Opening 9 Dec 2021
Writing credits: Tony Kushner, Arthur Laurents
Principal actors: Ansel Elgort, Rachel Zegler, Ariana DeBose, David Alvarez, Rita Moreno
Steven Spielberg’s name is synonymous with entertaining, and enlightening films, e.g., humanizing aliens in E.T. the Extra-Terrestrial (1982), reminding people good Germans existed during Nazi’s regime in Schindler's List, (1993 [Spielberg received Germany’s Federal Cross of Merit with Ribbon in recognition in 1998]), and here that xenophobia and bigotry is a trademark of the undereducated, unemployable. The three-time Oscar® winner’s hallmark permeates this remake of the classic West Side Story. Tony Kushner’s screenplay adheres to Laurents’ original story’s gritty realism, adding updated dialogue with 40% in Spanish.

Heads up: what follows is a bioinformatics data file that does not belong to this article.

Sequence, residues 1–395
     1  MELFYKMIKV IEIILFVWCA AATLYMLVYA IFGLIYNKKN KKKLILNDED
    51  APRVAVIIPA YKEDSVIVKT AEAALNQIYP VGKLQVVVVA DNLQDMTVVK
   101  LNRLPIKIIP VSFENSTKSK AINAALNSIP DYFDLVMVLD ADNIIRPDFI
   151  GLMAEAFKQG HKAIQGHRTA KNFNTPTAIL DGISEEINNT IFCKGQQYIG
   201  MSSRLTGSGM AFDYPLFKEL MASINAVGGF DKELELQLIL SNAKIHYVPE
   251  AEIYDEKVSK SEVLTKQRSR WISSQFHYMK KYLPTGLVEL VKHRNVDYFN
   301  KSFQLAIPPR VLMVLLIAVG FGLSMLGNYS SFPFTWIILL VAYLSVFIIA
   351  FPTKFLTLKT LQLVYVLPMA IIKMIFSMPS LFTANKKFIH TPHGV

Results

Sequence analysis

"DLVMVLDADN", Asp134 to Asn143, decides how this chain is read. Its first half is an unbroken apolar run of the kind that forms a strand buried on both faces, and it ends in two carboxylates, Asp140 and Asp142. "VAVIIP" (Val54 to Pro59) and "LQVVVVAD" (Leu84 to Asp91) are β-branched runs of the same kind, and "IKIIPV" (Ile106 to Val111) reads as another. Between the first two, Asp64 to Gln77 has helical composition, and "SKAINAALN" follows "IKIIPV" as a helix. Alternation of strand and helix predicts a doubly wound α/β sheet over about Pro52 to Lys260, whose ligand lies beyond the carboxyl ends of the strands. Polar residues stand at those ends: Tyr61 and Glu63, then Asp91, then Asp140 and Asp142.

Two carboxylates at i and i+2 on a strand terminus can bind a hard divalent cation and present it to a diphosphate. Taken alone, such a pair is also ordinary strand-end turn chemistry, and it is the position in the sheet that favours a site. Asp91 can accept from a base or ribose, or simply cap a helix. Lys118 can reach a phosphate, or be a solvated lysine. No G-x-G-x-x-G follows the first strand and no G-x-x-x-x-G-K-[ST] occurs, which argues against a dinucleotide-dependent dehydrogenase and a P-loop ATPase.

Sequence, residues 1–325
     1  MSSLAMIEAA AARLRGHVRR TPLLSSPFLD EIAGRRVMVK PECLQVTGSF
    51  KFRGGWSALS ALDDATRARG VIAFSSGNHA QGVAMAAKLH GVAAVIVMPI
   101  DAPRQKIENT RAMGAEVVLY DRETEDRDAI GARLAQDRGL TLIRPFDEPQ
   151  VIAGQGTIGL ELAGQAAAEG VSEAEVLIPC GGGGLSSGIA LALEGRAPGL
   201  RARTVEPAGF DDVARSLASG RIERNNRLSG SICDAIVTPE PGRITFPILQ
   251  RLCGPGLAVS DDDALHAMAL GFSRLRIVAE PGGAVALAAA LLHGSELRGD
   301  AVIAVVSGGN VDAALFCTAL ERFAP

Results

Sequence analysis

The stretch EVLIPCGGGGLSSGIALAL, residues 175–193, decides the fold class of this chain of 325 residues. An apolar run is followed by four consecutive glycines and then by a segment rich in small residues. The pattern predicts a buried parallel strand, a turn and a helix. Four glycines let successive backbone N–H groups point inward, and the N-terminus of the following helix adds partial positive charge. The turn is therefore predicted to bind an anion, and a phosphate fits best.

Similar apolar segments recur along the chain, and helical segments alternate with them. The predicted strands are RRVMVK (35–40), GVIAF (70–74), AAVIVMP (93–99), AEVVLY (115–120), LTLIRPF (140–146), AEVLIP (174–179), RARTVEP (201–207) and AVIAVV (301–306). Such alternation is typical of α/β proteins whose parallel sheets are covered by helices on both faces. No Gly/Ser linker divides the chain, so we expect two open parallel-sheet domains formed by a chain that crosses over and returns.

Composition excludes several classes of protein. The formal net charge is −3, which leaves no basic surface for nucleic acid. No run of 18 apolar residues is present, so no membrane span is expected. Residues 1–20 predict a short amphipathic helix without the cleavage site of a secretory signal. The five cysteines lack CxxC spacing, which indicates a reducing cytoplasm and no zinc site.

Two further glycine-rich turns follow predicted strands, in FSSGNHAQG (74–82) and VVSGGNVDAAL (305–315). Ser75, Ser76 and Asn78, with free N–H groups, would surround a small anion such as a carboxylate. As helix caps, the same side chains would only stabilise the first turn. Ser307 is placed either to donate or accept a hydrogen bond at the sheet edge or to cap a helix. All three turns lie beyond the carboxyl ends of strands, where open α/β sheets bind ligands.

As mid-1950’s urban renewal diminishes the size of their turf, rival gangs in NYC are embittered, emboldened. The White Sharks, led by Riff (Mike Faist) and Bernardo’s (David Alvarez) Puerto Rican Jets spar regularly, and then dodge Officer Krupke (Brian d'Arcy James) and Lieutenant Schrank (Corey Stoll). Rousted once too often, Riff proposes a rumble; he and Bernardo can talk at the mixer later. Going to the drugstore—neutral territory—to see best friend, and ex-Shark, Tony (Ansel Elgort), Valentina (Rita Moreno, played Anita in 1961 film), the owner, runs him off convinced he badly influences Tony, whom she believes in. Feisty Anita is (Ariana DeBose) quick to run interference against boyfriend Bernardo’s machismo attitude toward Maria (Rachel Zegler); at eighteen, his sister deserves respect. Subsequently, they, with Maria’s blind-date Chino (Josh Andrés Rivera) arrive at the hall that civilians and police are monitoring. During a provocative dance challenge, Tony and Maria’s eyes lock; behind portable bleachers they create their own world, and destiny. Until Bernardo butts in. Nevertheless, rumble conditions are settled, the party breaks up, and the lovers impetuously meet, heedless of tempting fate.